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Drink it in

When you use glasses of water as musical instruments, your child learns about pitch.

By Paul Bakeman, consulting educator

With this fun and simple activity, your child can practice playing a familiar tune and might even create her own song.

What you'll need

  • Three water glasses of the same size
  • A metal or wooden spoon
  • Three types of food coloring and three magic markers to match
  • A blank sheet of paper

How to do it

Fill the glasses with different levels of water and tap on them with a spoon. Help your child to discover what happens when water is added or taken away. She should realize that when water is added the pitch goes up, and when water is taken away the pitch goes down.

Using trial and error, find the water levels that produce notes to simple three-note songs like "Hot Cross Buns" or "Merrily We Roll Along (Mary Had a Little Lamb)." Once you've found the notes, color the water with food coloring using three different colors, one for each glass.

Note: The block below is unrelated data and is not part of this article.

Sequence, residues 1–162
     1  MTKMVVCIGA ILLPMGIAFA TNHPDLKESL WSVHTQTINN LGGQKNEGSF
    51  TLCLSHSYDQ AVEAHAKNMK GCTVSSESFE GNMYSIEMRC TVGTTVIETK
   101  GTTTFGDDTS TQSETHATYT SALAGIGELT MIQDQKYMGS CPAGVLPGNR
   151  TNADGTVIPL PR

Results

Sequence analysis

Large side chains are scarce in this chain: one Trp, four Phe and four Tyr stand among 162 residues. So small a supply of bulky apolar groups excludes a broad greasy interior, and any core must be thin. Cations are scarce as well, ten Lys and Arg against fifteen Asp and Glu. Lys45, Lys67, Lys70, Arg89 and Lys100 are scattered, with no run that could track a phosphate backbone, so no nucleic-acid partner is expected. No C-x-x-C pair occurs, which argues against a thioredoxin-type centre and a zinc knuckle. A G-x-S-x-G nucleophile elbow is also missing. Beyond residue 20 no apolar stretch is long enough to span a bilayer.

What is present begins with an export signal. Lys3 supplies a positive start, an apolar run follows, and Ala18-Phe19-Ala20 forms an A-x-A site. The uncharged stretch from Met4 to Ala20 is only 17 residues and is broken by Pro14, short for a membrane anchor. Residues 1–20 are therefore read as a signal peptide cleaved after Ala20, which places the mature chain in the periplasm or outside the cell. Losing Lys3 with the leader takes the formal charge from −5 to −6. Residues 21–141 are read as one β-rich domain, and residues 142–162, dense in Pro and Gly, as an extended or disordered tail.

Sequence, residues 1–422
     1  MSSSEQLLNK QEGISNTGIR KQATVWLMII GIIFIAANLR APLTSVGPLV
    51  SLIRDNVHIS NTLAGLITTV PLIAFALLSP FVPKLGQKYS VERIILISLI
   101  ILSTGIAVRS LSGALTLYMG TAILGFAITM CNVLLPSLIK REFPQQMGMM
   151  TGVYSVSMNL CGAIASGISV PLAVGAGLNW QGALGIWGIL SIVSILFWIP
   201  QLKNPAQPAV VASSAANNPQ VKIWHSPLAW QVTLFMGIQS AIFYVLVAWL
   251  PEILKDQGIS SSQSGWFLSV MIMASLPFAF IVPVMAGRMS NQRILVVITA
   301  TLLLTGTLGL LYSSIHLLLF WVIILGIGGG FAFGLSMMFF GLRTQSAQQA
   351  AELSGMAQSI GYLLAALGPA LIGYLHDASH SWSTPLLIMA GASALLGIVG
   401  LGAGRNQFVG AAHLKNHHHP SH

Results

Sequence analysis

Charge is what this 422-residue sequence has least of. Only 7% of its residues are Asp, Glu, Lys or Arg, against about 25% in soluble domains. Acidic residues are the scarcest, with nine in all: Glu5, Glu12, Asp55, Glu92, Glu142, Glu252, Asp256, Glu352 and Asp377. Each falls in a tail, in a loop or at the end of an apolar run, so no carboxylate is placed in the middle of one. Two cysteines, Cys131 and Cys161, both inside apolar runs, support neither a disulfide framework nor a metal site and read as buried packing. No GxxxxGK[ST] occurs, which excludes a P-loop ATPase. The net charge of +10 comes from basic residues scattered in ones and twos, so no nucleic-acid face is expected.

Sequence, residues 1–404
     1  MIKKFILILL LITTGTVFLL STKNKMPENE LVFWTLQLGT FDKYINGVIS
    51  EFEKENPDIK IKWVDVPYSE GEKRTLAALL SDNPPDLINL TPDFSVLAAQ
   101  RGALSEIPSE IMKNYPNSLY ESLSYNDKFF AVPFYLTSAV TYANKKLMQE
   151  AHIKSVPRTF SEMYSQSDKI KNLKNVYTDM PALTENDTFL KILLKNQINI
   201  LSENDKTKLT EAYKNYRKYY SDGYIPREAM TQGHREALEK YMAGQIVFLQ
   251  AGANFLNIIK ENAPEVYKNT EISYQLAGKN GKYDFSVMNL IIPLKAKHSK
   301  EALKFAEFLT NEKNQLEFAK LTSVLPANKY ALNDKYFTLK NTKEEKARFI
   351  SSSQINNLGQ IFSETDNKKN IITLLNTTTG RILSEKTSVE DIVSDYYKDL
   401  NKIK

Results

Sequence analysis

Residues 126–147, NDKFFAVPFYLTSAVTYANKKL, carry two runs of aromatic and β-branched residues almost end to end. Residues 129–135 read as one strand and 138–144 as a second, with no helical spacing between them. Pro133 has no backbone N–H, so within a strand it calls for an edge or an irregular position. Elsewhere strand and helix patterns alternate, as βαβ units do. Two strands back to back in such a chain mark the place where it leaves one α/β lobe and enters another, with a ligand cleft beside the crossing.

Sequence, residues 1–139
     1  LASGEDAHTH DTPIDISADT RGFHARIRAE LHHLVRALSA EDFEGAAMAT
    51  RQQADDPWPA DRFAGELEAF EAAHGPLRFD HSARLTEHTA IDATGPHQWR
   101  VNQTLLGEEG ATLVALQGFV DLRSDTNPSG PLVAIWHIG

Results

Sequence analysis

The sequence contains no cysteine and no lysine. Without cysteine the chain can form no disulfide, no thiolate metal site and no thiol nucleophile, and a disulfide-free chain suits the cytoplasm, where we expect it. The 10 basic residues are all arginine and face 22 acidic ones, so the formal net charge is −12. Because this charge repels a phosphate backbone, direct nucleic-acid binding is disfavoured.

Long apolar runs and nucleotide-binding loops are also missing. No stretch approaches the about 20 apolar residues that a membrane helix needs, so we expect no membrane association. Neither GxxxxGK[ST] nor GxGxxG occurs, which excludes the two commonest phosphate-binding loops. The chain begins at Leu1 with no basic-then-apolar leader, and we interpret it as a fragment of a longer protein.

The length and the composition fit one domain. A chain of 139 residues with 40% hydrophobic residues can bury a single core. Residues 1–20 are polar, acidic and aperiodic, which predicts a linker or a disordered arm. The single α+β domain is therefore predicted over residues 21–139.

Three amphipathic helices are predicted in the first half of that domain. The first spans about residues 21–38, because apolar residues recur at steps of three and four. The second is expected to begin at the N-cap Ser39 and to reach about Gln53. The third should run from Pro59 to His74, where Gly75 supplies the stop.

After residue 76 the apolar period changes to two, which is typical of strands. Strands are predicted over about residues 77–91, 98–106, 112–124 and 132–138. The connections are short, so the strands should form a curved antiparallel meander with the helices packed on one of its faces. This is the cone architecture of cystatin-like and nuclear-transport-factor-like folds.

Now your child can be a composer. Help her create her own songs by writing down a series of dashes on a piece of paper, using three magic markers whose colors match the colors in the glasses. After some practice, gather the family and have a water glass xylophone concert!

Paul Bakeman is a music teacher in Virginia and a Teacher of the Year award winner.

Comments from GreatSchools.org readers

10/27/2009:
"And now begin their understanding that art and music go together. I have a site where you can see the earliest art. It is divided into Micro lessons. Go to ahaafoundation.org a course in the history of art around the world and click on Australia. Look through it with your children and when you have answered the questions ask one more what might their music might have sounded like. You know that they danced, but what did their music sound like? Using the method described here to make music and if you have someone who can write the notes on music paper you will have each child compose a short piece that another child can play. Let me know if you try to start out our young composers!"
04/14/2008:
"I think the opposite is true. An empty water glass produces a higher pitch when tapped than a glass filled with water. Search online for 'water glass xylophone' for more info."
04/7/2008:
"what do you call this type of music produced with water? Is there one word that describes or any fancy word for it?"
05/12/2006:
"very interesting and an easy and fun way to discover if your child enjoys composing."
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